Music Makes My World Go ‘Round

Sitting with my brother at Damian Marley’s Welcome to Jamrock tour about six years ago at the Electric Factory,sipping on Mount Gay and pineapple, I was suddenly transported to a different era. Damian launched into his own rendition of “Exodus”, and for a moment it was if the legendary reggae performer (and one of my all-time favorites) was on stage. He sounded exactly like his father, Bob. In that moment I decided I would be traveling down to Baltimore the next night to keep this feeling going. Music moves me like that.

Since 1975 I have been to an average of 40-50 shows a year. I just can’t stop chasing the buzz. Almost 35 years have passed, but Pink Floyd’s The Animals Tour at the Spectrum is still number one on my list.

It was the summer of 1977. I was going into 10th grade and it was quite a carefree time. For the first time ever my mother didn’t make me go to camp, so I was on my own. I would meet my friend Betsy most mornings at General Wayne Park where we smoked cigarettes and hung out counting down the days until the show. Dark Side of the Moon had been on the charts for years and Wish you Were Here was constantly on my turntable. With the release of Animals, I couldn’t have been more excited. The show was simply amazing. It was one of the first to use a video screen, but most people only remember the giant pig that floated overhead throughout the show. I floated too.

The Pink Floyd Spectrum concert in the summer of  ’77 featured a giant floating pig – See if you can spot the one on this album cover.

Image of recent flying Pink Floyd Pig

Image of more recent flying Pink Floyd Pig

Later that summer my brother and I went down to Miami to stay with my father as we did every summer. AC/DC was playing at the Hollywood Sportatorium, a convenient 10 minutes from dad’s place. Not so convenient was the fact that unless I agreed to bring my younger brother along, the show would be a no go. Chris, who wasn’t quite 11, was not interested at all. After days of bribing him he finally gave in. Years later when his friends were just discovering AC/DC, he would brag about how he saw the band in Miami when Bon Scott was still alive. I can still see Scott sitting on Angus Young’s shoulders galloping through the arena and into the crowd. My heart raced.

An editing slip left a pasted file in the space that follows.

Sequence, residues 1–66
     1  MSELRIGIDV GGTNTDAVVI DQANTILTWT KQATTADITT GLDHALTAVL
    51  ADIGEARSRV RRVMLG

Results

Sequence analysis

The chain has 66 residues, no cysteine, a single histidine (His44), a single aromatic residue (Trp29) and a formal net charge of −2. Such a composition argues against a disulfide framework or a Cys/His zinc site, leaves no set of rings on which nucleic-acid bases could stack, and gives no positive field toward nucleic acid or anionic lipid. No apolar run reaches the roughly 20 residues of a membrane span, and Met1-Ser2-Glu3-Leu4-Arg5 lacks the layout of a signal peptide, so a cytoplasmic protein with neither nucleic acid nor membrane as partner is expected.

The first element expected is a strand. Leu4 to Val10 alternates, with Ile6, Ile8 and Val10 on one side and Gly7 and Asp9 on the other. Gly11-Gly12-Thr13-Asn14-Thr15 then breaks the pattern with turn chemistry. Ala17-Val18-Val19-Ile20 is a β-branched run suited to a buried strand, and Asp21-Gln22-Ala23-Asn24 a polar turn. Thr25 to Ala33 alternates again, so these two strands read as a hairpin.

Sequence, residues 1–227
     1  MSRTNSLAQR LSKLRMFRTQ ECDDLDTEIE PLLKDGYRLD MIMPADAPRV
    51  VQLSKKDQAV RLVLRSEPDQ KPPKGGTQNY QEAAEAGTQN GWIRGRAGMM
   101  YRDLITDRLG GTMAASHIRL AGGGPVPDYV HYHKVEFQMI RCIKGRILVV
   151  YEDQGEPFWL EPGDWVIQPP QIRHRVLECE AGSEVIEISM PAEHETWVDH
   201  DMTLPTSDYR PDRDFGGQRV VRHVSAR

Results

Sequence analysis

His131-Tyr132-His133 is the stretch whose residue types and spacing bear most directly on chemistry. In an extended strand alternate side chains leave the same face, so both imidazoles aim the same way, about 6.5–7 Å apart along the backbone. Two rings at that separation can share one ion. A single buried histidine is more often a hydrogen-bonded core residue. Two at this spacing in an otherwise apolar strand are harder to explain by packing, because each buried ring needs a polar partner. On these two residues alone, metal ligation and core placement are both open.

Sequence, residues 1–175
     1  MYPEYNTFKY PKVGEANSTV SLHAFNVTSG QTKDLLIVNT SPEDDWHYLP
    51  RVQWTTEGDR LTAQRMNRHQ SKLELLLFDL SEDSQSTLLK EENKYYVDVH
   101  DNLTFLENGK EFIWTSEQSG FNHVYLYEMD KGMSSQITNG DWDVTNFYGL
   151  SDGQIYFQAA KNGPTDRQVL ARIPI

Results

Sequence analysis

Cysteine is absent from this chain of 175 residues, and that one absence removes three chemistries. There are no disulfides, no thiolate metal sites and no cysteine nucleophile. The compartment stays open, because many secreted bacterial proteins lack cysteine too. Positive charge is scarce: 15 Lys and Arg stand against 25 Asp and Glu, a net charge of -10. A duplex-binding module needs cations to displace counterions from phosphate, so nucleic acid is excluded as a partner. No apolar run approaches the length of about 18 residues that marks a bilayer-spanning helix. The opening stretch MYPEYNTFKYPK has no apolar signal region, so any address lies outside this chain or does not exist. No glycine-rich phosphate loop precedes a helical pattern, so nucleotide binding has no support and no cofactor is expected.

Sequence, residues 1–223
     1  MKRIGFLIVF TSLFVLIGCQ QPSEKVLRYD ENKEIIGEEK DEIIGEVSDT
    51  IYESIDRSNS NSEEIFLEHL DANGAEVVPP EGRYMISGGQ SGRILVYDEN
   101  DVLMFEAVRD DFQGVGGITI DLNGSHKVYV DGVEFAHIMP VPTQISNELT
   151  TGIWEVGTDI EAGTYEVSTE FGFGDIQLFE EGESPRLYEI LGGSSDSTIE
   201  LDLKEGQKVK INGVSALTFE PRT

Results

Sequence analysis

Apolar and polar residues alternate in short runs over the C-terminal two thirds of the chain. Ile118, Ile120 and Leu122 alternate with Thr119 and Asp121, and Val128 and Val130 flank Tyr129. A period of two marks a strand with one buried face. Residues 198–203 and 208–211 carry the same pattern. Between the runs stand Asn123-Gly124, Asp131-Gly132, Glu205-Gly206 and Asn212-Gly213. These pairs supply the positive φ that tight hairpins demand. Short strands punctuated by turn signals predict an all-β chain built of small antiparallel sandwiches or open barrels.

And then it broke.

In 1982 JFK Stadium held a multi-billed concert like never before: Santana, The Clash, with local band The Hooters opening, and The Who in what was billed as their “farewell” tour. Today we call them “music fests” with a corporate nametag. Although I was a big fan of Santana and The Who, I came to see The Clash. They had recently gone mainstream thanks to MTV and the video for “Should I Stay or Should I Go.” I wanted to see if they still had their punk edge. They ended up getting booed off the stage. Philly fans can be as tough on their music as they are on their sports teams. Still, every time I hear “This Is Radio Clash” or “The Magnificent Seven,” my soul stirs.

My son Cody has inherited much of this same passion for music. And while I still chase the buzz, I sometimes let him lead. It was Cody who urged me to get tickets for Damian Marley & NAS at the House of Blues in the summer of 2009. A great show made even more special because NAS would announce that he and Damian were in the studio and set to release a joint album together. We were overcome with anticipation.

In November 2010 the magic struck again. This time it was Roger Waters and The Wall tour at the Wachovia. Just minutes into the first song I knew I would have to go back and bring my kids. Sadly Cody couldn’t go (due to a wrestling meet, his other passion) and I had to talk my daughter Julia into coming. She too became immediately transfixed, so much so that she didn’t hear me mention the spring tour in Italy. Like I said, music moves me.

This blog post originally appeared in the Ardmore-Merion-Wynnewood Patch….